Story from the Book
Woman to Woman (Mary of Nazareth)
By Claire Rudolf Murphy
“Elizabeth, filled with the Holy Spirit, cried out in a loud voice and said, ‘Most blessed are you among women and blessed is the fruit of your womb.”
Christian Bible, Luke 1:41-42
“My soul magnifies the Lord and my spirit rejoices in God my Savior,” Mary whispered as she walked along the dusty road. Ever since that morning two weeks ago, those words had been emblazoned on her heart. She paused to breath in the warm spring air and gazed in gratitude at the cultivated fields and vineyards that once more dotted the land. For eighty miles the caravan had trudged by dry, sun-burned hills.
Finally, the Holy City beckoned. Mary and her fellow travelers from Nazareth were tired from nearly four days of walking. But as they spotted the tall buildings of Jerusalem, their steps quickened. Mary ran to keep up with her friends. She knew the crowded streets, hugs from relatives, and aroma of spices in the marketplace would soon invigorate her blood. Right now, however, something else coursed through her veins. Ruth and Abigail waved at her to come along. “Isn’t it exciting?” Ruth called out. “Will we see you in Jerusalem or will you take all your Passover meals with your betrothed, Joseph?” Ruth and Abigail laughed and waved her to come along. Her friends’ laughter swirled around the thoughts in Mary’s whirling mind. She stopped and squinted her eyes. In the midday sun, the Temple looked hazy, like a mirage in the desert. She knew the Temple was real. But perhaps the angel had been a mirage. Maybe she was not carrying a child. Maybe her elderly cousin Elizabeth was not with child, either. How was she to know? Her mind flashed back to that morning when the Angel Gabriel appeared. “Greetings, Favored One,” he had said. Mary couldn’t believe her eyes. An angel encircled in glowing light stood before her.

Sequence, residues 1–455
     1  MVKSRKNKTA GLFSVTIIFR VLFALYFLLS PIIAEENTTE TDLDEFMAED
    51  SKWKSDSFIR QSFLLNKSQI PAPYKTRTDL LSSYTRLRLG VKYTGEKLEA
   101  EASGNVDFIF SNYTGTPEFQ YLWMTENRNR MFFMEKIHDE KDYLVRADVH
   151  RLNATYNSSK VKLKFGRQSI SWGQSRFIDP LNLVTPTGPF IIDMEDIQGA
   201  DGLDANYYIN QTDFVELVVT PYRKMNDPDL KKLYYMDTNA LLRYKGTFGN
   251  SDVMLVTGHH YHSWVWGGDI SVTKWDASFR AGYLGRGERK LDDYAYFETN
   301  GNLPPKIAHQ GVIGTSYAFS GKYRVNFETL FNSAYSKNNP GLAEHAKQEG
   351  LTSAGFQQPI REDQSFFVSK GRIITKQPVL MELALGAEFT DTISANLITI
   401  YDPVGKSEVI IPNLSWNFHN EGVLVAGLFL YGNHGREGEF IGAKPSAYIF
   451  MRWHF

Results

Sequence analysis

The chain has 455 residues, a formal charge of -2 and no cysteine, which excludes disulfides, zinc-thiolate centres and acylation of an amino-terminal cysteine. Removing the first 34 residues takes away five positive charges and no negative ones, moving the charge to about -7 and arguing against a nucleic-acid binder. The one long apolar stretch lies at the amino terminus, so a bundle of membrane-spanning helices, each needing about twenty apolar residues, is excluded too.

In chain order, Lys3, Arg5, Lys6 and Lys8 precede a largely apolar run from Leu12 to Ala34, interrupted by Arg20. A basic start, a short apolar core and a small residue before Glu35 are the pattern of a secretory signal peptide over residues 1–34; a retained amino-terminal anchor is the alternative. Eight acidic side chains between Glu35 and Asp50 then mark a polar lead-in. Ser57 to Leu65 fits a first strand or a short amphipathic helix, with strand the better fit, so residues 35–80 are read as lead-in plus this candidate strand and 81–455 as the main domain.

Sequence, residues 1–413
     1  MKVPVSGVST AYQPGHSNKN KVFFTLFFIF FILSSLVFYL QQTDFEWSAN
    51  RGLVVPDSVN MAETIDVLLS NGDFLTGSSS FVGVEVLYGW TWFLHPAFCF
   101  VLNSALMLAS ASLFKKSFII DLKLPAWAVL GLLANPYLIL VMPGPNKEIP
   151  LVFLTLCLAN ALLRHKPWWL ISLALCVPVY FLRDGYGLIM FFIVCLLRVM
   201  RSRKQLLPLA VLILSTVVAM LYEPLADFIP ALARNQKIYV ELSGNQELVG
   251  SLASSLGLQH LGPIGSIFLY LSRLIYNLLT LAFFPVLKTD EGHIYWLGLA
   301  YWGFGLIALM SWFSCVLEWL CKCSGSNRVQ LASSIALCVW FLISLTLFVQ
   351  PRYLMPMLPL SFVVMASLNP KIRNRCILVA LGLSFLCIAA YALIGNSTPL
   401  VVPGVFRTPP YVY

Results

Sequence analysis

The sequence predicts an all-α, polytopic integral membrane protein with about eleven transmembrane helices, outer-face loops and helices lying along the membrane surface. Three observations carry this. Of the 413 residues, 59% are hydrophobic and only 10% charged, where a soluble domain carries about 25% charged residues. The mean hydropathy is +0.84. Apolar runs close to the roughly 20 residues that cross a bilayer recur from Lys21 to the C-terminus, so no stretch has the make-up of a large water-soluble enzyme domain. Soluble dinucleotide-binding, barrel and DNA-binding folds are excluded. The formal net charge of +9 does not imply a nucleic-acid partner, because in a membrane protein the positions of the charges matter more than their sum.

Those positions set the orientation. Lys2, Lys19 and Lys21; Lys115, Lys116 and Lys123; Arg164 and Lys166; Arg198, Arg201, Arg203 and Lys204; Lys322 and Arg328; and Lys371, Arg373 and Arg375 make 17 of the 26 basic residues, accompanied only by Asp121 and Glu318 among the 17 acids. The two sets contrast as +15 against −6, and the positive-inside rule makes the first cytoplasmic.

Esther: Return to Hadassah
“Do not imagine that you, of all the Jews, will escape with your life by being in the king’s palace … And who knows, perhaps you have attained to royal position for just such a crisis.” Hebrew Scriptures, Esther 4:13-14
Esther stared in the mirror at the coiffed hair piled high on her head and crowned with a diadem of rubies and sapphires. Oil of myrrh, jars of the best perfumes and spices, and royal gowns awaited her pleasure. As the chosen queen of King Ahasuerus, for five years her every desire had been fulfilled. Except one.
She yearned to return to her youth, when her days were filled with her friends’ laughter, walks with her mother, visits to the Shushan synagogue with her father. When she was known as the lovely Hadassah, the Jewish girl with the smooth, copper skin and dark hair to her waist.
Removing the headpiece, Esther whispered to the mirror, “Only in the presence of the king will I wear this heavy crown.”
In her sitting room, she pulled away the curtain and stared out. Her Uncle Mordecai walked back and forth in front of the palace. Every day he stood guard, one of the king’s protectors. Esther knew her uncle came every day to watch out for her. How she longed to talk to the man who had been her guardian since her parents died of fever. At the palace everyone knew that Mordecai was Jewish, but they had no idea that Esther was also, or that she and Mordecai were related.
Five years ago the king had commanded all young maidens to appear at the palace because he wanted to choose the most beautiful woman in all of Persia to be his new bride. Mordecai knew that having a Jewish woman so close to the seat of power could help – even save – his people. But he also knew that King Ahasuerus would never marry a Jewess, no matter how captivating.
So he had counseled his niece, “From this day on, you will be known as Esther,” Mordecai took her hand and placed it on her heart. “Hadassah can only live here now. If the king chooses you, you will be able to do great things for your people.”
Hadassah took a deep breath and smiled. “I’ll do my best, Uncle.”